The above-described coding scheme has at least two important characteristics. Firstly, as with any well-designed trellis coding scheme,it provides so-called "coding gain", thereby yielding an increase in signal-to-noise ratio, and thus better performance. That is, the ratio of (a) the minimum squared Euclidean distance between successively transmitted sequences of signal points and (b) the average power of the transmitted signal points is greater than in an "un-coded" system, i.e., asystem in which the five bits on leads 112 a-c and 113 a-b would be coded using 25 =32-element alphabet.
Specifically, it can be shown mathematically that the minimum squared Euclidean distance between the 4-dimensional signal points used in the present illustrative coding scheme is 16, as opposed to 4 in the un-coded system. This renders a coding gain of 6 dB. However, this coding gain mustbe discounted for a decrease in the average power of the signal points transmitted, a concomitant of using this illustrative coding scheme which requires an expansion of the alphabet while keeping the overall transmission power same as in the un-coded system. As illustrated in this embodiment, an alphabet of 256 elements, rather than 32 as in the "un-coded" system, is required. Because of the 4-dimensional nature of theelements, this three size-doubling of the alphabet results in a decrease inthe average signal power of 4.5 dB which is to be discounted from the aforementioned 6 dB coding gain. As a result, this illustrative coding scheme renders a net coding gain of 1.5 dB, compared with that of the un-coded system.
The aforementioned first and second running sums are each guaranteed to have an upper and lower bound; as it turns out, they will never exceed 6 and will never be less than -6. This being so, it can be proved mathematically that the spectrum of the output of the modulator, and thus the spectrum of the passband signal applied to the channel, is guaranteed to have a spectral null at the carrier frequency, fc.
In appreciating how encoder 210 implements the foregoing, it is useful to first consider the operation of running sum circuits. In this illustrativeembodiment, running sum circuits 230 and 260, which are structurally identical, keep the respective running values of odd and even component sums of the signal points at the encoder output. The task of running sum circuit 230 (260) is to ensure that the odd (even) component sum of the signal point to be selected is positive if the running value is currently negative and vice versa. To this end, circuit 230 (260) includes a register 236 (266) which holds the current running value of the odd (even)component sum. The sign of that value, illustratively represented by a signbit on one of the register 236 (266) output leads 233a (233b), is applied to ROM 217. Illustratively, the sign bit has a value of 0 (1) if the current running value is positive (negative).
In operation, the values of odd (even) components of a current signal pointappearing on respective leads 221 a and c (b and d) are provided as inputs to adder 231 (261) within running sum circuit 230 (260). Adder 231 (261) thus generates the odd (even) component sum thereof. This odd (even) component sum is thereafter combined in an accumulator 239 (269) with the present running value, provided on multi-bit lead 232 (264). The output ofaccumulator 239 (269) representing the current running value of the odd (even) component sum is shifted and buffered in register 236 (266).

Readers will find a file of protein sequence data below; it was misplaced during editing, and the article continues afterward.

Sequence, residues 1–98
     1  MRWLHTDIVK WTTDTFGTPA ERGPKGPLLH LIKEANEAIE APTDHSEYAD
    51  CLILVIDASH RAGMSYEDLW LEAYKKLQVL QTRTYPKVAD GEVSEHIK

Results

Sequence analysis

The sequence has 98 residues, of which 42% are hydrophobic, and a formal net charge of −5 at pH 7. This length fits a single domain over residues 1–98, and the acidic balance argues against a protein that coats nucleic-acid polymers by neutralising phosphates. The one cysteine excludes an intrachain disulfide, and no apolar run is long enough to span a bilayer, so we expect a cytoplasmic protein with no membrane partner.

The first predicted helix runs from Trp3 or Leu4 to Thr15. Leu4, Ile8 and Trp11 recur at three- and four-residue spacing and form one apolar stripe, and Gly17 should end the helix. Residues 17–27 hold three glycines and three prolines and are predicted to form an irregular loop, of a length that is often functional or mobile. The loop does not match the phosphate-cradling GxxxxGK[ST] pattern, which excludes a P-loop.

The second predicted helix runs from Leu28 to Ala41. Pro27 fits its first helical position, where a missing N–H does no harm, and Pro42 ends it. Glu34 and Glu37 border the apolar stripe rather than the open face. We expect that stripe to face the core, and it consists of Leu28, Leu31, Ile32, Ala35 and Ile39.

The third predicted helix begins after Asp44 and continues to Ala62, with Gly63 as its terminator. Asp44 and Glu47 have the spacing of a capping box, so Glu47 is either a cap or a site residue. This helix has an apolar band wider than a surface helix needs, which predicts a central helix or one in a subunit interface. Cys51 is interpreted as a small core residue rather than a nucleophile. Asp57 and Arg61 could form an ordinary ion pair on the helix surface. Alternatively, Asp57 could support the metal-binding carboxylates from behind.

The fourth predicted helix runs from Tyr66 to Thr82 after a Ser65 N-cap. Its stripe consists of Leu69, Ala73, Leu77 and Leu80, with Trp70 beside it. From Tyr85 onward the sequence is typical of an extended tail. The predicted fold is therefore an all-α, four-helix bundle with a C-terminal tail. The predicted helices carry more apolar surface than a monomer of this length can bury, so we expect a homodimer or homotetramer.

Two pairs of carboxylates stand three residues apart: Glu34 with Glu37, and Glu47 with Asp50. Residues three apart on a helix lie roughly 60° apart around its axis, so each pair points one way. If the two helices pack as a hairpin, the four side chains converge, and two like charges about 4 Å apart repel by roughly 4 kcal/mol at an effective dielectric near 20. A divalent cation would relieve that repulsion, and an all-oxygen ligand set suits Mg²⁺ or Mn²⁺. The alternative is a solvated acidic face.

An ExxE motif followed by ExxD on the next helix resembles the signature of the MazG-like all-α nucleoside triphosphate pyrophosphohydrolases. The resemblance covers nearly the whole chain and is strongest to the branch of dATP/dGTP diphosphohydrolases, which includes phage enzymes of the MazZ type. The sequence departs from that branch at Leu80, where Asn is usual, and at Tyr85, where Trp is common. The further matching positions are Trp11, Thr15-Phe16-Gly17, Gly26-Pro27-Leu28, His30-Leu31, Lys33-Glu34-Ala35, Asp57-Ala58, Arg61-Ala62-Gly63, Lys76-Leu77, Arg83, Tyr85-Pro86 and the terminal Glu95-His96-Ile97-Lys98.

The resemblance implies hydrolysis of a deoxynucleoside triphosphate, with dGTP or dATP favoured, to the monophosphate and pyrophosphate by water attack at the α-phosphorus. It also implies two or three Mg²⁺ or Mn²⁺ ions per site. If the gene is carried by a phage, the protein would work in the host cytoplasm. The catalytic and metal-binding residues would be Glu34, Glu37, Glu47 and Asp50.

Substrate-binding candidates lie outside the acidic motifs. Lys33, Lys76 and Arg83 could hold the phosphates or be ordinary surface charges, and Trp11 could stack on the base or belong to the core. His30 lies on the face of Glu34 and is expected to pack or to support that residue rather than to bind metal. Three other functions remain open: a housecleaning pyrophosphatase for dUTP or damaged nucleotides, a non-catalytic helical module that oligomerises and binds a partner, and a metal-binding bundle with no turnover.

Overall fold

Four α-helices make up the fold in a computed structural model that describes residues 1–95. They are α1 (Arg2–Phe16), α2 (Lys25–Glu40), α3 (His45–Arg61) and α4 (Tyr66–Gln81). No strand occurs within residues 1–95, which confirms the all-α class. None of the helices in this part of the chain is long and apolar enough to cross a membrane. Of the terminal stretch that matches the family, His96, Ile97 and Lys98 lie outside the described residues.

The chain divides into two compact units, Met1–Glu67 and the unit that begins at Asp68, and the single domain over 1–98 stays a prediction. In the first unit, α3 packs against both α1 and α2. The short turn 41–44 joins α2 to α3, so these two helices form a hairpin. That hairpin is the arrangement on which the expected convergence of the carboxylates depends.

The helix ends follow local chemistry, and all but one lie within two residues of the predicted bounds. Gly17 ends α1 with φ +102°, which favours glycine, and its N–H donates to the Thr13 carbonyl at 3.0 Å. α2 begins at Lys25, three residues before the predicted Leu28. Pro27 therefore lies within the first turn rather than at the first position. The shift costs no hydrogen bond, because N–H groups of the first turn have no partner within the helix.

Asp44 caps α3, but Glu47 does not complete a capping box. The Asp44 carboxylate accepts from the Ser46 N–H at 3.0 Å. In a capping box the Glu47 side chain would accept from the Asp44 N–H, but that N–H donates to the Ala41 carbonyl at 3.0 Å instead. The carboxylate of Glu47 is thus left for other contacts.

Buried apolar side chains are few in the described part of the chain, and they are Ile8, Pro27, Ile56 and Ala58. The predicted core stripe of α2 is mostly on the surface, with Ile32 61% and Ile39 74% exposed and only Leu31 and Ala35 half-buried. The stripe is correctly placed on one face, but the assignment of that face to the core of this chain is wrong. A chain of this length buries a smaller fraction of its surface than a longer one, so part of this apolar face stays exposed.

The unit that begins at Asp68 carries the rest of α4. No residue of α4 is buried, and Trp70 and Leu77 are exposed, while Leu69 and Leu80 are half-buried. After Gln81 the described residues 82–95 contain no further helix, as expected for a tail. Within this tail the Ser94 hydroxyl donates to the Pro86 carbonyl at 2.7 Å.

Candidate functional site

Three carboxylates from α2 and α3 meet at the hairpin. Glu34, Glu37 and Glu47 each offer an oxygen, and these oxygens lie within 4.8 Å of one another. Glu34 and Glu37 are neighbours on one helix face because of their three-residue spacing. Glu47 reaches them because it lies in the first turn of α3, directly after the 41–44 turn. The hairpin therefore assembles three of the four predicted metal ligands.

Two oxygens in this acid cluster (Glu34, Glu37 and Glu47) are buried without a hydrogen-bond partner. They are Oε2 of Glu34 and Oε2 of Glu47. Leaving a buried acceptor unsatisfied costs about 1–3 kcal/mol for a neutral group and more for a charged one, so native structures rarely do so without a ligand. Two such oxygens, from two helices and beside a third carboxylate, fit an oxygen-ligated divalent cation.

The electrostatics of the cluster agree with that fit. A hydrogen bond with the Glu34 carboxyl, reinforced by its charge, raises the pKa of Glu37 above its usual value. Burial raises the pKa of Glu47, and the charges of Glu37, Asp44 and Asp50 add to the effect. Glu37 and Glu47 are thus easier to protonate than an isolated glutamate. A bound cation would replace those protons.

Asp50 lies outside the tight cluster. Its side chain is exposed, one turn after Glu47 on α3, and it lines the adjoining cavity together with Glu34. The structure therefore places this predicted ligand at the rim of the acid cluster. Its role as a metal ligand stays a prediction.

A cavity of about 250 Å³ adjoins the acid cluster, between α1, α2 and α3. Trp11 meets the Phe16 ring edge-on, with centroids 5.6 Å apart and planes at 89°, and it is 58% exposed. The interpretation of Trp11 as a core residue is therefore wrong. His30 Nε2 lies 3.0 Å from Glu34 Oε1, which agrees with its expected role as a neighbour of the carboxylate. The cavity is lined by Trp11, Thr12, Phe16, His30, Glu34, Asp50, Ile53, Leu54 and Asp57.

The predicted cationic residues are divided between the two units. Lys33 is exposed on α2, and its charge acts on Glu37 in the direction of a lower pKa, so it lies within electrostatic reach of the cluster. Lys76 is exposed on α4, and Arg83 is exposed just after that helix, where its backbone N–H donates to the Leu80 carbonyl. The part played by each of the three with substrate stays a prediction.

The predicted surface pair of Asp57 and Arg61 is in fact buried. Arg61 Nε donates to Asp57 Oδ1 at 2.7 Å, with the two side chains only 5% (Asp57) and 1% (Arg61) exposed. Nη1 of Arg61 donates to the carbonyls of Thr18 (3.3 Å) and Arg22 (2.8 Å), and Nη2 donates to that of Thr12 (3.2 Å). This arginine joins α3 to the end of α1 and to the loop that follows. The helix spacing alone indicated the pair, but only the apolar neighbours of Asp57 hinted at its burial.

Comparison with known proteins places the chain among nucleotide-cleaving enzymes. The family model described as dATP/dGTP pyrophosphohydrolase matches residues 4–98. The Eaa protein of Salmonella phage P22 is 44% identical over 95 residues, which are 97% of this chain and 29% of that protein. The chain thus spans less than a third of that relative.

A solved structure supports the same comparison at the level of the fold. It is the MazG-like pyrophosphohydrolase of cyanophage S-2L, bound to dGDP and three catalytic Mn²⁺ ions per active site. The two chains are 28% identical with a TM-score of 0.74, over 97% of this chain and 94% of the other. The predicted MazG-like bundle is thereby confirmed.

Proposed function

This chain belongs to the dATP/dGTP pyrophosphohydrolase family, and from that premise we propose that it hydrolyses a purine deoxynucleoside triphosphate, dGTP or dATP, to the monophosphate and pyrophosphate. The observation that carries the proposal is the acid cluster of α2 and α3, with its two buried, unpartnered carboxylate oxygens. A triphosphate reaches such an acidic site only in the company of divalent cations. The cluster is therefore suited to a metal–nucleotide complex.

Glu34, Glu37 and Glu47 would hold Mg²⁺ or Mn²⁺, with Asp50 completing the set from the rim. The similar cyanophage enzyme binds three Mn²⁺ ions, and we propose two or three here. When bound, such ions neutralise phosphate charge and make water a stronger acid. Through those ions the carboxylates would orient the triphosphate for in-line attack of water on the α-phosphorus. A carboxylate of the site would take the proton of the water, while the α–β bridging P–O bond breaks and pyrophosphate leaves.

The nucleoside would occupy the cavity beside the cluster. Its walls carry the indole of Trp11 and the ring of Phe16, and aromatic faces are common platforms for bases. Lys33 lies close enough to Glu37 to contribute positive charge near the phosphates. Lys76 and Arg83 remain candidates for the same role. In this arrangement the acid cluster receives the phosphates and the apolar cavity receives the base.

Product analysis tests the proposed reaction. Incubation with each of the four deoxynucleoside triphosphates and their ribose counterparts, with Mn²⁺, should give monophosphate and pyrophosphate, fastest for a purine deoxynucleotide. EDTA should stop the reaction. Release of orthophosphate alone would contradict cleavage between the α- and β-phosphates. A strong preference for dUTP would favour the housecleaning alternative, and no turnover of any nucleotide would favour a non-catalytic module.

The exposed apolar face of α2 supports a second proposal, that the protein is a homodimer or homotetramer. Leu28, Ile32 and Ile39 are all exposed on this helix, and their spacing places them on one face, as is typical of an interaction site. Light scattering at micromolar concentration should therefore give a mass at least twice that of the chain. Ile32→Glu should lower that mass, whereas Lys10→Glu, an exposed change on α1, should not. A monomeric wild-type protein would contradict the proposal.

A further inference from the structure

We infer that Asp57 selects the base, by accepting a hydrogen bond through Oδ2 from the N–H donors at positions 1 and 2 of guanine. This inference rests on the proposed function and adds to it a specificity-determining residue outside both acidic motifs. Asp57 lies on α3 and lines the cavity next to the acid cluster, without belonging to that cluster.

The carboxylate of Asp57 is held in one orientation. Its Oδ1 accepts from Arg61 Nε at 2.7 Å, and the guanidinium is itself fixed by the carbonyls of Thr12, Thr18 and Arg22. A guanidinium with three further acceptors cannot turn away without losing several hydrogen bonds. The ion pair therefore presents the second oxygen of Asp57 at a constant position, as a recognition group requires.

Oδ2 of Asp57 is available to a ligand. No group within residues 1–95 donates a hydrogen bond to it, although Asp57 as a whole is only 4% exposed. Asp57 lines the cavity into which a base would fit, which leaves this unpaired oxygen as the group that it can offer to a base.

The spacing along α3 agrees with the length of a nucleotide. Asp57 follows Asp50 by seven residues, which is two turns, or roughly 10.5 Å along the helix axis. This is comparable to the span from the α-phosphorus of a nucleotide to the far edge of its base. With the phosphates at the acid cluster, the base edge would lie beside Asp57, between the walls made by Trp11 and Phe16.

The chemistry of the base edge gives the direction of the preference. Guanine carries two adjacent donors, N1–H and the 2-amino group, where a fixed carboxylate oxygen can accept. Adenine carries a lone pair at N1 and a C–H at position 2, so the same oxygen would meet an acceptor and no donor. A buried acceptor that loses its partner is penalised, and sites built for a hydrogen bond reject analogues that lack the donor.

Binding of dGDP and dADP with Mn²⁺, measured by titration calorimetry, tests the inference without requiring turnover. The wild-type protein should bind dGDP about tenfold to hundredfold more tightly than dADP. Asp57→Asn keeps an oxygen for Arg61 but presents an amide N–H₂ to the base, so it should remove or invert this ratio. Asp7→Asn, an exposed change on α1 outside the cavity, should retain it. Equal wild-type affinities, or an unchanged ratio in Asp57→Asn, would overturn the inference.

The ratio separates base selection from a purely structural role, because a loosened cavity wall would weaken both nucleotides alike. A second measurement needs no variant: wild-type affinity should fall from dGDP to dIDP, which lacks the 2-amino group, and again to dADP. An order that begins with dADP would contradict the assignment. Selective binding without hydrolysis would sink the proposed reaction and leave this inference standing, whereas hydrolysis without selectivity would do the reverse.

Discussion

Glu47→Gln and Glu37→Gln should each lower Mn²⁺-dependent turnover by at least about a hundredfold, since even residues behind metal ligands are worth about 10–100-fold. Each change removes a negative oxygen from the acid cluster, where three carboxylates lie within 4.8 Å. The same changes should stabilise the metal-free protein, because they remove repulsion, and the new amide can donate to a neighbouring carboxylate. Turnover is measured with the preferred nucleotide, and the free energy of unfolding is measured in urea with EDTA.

As mentioned before, the two sign bits applied to ROM 217 indicate to the latter the signs of the respective current running values of odd and even component sums. ROM 217 accordingly selects a signal point to come from anappropriate subset quarter so as to drive each of the two individual running sums to zero. Thus, for example, in response to a pair of input sign bits with respective values of 0 and 1, i.e., the current running oddcomponent sum being positive and the current running even component sum being negative, ROM 217 selects a signal point to come from one of the subset quarters superscripted "-+" so as to nullify the individual sums. As noted before, an element of any one of those "-+" subset quarters is characterized by having the odd component sum negative and the even component sum positive. Similarly, ROM 217 selects a signal point to come from a subset quarter superscripted "--" in response to input sign bits of00, a subset quarter "+-" in response to input sign bits of 10, and a subset quarter "++" in response to input sign bits of 11.
4D lattice point generator 220 is configured to (a) store in ROM 217 the signal points of particular ones of the subsets in subset quarters, (b) configure trellis coder 215 to generate a subset identification bit pattern corresponding to the subset from which the output signal point is to come, (c) take in the k-bit input word for ROM 217 to identify a particular ensemble of the stored signal points associated therewith, (d) take in a pair of the aforementioned sign bits for ROM 217 to identify a particular subset quarter of the identified subset and (e) retrieve from that particular ensemble a particular one of the stored signal points in that particular subset quarter.